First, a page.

Judge Sentences Two San Francisco Men in Case Involving Harassing Phone Calls Over AIDS, Syphilis Campaigns
August 4, 2003
A San Francisco judge last week sentenced two men to three years' probation and mandatory mental health counseling for allegedly making harassing phone calls to San Francisco health officials and newspaper reporters in response to city-sponsored AIDS and syphilis campaigns, the Los Angeles Times reports. Michael Petrelis pleaded no contest to two misdemeanor charges, and David Pasquarelli pleaded no contest to three misdemeanors. Visiting Superior Court Judge Raymond Arata also issued restraining orders that prohibit contact between Petrelis and Pasquarelli and the recipients of the phone calls, including a press officer for the University of California-San Francisco's AIDS Research Institute and Dr. Jeffrey Klausner, director of sexually transmitted disease control for the San Francisco Department of Public Health (Ornstein, Los Angeles Times, 8/2). Petrelis and Pasquarelli, who both have been diagnosed with AIDS, said that they agreed to plead no contest in order to end legal proceedings because of their ailing health, the AP/San Jose Mercury News reports (AP/San Jose Mercury News, 8/3). Assistant District Attorney Michon Martin said that prosecutors agreed to end the case because the two men agreed to "accept some responsibility for their actions" and agreed to the restraining order, according to the Times (Los Angeles Times, 8/2).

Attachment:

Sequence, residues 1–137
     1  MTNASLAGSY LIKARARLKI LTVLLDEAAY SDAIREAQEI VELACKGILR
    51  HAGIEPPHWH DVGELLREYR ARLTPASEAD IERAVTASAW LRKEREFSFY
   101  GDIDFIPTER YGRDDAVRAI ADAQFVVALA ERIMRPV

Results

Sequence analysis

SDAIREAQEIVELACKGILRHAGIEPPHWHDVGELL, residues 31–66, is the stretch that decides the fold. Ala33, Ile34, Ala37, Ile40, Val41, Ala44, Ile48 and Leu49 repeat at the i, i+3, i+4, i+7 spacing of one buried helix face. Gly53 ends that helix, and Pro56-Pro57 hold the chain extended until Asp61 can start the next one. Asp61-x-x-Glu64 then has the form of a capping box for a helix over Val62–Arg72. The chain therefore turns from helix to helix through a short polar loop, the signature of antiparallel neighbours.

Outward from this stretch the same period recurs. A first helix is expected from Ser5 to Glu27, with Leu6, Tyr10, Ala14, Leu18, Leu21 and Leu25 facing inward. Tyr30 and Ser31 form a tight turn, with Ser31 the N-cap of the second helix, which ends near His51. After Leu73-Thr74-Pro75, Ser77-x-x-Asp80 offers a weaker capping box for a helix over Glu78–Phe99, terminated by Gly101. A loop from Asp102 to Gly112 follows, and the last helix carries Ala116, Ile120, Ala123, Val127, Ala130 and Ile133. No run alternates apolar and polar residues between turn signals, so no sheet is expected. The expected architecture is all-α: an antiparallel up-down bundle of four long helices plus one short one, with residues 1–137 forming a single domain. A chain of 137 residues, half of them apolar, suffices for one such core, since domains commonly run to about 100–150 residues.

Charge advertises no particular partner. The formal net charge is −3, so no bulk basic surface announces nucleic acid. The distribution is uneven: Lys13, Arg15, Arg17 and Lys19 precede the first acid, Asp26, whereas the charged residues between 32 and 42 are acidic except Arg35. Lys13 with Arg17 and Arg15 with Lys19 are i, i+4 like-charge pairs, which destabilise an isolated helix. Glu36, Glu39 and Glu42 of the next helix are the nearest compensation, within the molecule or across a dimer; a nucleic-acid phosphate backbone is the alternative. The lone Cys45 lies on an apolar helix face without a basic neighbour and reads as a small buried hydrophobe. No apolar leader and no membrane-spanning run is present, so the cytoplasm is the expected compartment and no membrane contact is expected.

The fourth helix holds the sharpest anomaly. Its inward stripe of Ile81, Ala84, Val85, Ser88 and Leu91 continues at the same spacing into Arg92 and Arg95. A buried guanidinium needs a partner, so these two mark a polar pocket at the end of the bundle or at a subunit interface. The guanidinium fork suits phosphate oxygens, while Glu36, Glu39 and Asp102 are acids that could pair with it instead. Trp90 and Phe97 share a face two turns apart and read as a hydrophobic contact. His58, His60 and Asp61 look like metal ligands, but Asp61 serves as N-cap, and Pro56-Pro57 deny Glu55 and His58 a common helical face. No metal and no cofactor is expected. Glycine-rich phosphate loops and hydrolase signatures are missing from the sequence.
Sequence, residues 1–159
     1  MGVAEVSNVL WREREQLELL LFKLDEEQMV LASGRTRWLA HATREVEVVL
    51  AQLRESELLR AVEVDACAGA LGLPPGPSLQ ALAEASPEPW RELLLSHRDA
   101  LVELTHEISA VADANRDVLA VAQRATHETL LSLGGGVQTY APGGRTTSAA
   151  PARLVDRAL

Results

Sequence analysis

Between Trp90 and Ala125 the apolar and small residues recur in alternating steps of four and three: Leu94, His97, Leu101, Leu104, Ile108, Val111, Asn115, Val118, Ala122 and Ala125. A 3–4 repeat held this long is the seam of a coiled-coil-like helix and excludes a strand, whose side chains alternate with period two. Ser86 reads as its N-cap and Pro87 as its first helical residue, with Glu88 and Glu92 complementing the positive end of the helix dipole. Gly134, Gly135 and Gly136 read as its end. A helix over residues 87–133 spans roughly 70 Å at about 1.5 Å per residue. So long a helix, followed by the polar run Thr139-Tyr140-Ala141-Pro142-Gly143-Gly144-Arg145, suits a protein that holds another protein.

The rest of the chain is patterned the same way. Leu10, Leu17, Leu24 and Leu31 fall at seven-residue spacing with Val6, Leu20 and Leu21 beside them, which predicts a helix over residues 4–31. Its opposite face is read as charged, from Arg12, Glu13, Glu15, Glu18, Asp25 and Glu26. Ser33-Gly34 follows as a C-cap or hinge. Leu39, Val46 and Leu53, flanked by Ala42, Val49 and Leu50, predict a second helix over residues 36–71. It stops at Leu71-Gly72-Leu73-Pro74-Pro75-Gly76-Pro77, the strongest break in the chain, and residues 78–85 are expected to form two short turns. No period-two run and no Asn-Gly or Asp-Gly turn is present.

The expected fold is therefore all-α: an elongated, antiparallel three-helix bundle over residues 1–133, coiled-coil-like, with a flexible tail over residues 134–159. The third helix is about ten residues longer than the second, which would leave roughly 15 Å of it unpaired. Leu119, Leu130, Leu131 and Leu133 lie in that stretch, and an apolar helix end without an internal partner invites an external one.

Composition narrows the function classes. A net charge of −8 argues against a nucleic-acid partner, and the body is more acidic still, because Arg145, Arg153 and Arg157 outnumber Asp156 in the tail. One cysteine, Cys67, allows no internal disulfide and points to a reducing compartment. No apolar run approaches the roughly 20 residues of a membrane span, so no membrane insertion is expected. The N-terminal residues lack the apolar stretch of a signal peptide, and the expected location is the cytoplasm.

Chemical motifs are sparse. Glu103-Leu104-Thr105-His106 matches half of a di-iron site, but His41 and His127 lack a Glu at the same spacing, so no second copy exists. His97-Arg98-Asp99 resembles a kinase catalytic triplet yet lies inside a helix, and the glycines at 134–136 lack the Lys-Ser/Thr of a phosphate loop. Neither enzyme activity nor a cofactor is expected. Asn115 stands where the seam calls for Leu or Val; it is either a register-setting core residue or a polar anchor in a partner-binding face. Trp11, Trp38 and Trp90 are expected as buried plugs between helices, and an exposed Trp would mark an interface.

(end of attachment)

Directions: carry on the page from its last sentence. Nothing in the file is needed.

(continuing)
This article was provided by Henry J. Kaiser Family Foundation. It is a part of the publication Kaiser Daily HIV/AIDS Report. Visit the Kaiser Family Foundation's website to find out more about their activities, publications and services.